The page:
More take-aways from Christian Doctrine, by Shirley C. Guthrie, Jr. (pages 17-35)
Reformed theology is committed to the slogan “reformed and always being reformed,” ultimately, because of its commitment to the overarching authority of the Word of God, Jesus Christ, to which scripture bears witness, and which speaks to humanity thanks to the activity of the Holy Spirit. Theological statements formulated by limited, specifically situated, fallible human beings are, as a result, always open to reassessment and revision in light of clearer [we hope, anyway] understanding(s) of the Word of God.
Where that puts individual Christians and individual churches, however, is in a place of continual discernment, relatively bound to the creeds and confessions of the church, relatively free from them. Relatively bound, since they represent how the church – our community – has heard and understood the meaning of faithfulness to the Word of God in concrete situations in the past. These have always been demanding, political circumstances that have raised the kind of issues of interpretation and challenges to the active meaning of faithfulness that tend to produce credal or confessional statements – that is, statements of what we are seeing or understanding in the present circumstance. We are not free simply to discard this witness to the content, significance, and implications of the Word of God.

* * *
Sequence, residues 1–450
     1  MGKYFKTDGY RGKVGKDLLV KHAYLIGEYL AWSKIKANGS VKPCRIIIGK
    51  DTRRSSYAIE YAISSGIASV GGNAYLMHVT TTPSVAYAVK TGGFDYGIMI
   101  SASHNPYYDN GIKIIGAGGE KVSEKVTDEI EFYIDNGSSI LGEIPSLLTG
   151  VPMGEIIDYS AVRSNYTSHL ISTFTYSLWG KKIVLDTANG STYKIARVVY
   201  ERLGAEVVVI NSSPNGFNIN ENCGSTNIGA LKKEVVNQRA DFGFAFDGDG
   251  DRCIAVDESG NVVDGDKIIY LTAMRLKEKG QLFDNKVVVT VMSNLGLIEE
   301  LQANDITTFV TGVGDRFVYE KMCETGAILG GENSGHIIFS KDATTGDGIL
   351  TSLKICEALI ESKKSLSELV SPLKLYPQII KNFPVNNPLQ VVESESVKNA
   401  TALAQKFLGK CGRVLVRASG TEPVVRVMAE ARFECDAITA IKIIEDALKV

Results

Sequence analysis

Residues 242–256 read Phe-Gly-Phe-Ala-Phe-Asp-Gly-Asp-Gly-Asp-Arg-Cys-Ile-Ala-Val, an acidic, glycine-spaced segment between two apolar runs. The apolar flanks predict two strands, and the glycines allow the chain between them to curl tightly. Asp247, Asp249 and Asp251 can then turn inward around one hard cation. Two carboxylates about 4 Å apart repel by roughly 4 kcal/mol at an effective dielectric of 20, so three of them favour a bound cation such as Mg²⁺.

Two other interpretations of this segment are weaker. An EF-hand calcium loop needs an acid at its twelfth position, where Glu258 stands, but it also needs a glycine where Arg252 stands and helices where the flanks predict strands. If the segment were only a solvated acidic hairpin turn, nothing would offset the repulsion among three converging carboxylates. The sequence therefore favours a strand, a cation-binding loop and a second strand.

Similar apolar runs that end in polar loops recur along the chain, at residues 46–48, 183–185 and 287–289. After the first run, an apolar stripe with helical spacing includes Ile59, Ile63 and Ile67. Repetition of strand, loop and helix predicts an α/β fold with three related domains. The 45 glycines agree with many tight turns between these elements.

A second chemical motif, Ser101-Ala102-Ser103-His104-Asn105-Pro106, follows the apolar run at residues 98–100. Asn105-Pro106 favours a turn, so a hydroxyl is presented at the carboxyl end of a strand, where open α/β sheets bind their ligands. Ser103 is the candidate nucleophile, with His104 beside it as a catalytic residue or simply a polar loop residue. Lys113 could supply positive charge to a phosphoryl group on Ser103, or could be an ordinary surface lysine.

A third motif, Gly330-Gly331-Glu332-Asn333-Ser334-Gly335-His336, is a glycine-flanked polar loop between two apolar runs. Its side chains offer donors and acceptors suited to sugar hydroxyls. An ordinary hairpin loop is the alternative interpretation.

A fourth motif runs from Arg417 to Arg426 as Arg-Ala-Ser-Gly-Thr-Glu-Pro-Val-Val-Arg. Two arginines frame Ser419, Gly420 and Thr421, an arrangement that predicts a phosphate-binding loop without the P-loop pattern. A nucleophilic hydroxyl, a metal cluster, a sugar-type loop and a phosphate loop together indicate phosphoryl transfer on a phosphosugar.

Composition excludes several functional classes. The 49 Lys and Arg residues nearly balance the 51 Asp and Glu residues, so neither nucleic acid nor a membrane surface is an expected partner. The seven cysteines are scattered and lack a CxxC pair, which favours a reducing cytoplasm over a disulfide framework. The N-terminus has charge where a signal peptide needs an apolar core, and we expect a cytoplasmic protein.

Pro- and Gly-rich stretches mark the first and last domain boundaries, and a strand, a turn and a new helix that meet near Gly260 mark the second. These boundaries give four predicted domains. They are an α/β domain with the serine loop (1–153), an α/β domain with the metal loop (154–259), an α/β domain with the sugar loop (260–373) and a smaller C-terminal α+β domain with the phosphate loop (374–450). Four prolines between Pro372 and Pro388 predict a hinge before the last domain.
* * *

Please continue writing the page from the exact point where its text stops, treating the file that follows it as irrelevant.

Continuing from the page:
Relatively free, however, since they represent human efforts – earnest, sincere, profound as they may be, still limited and subject to error – and so do not come with guarantees of freedom from distortions, blind spots, areas of resistance to the Word of God, etc. We may find ourselves in from time to time in positions where we are called to go beyond, or to challenge, some particular credal or confessional articulation, in the effort to be faithful to the Christ [which is supposed to be our aim].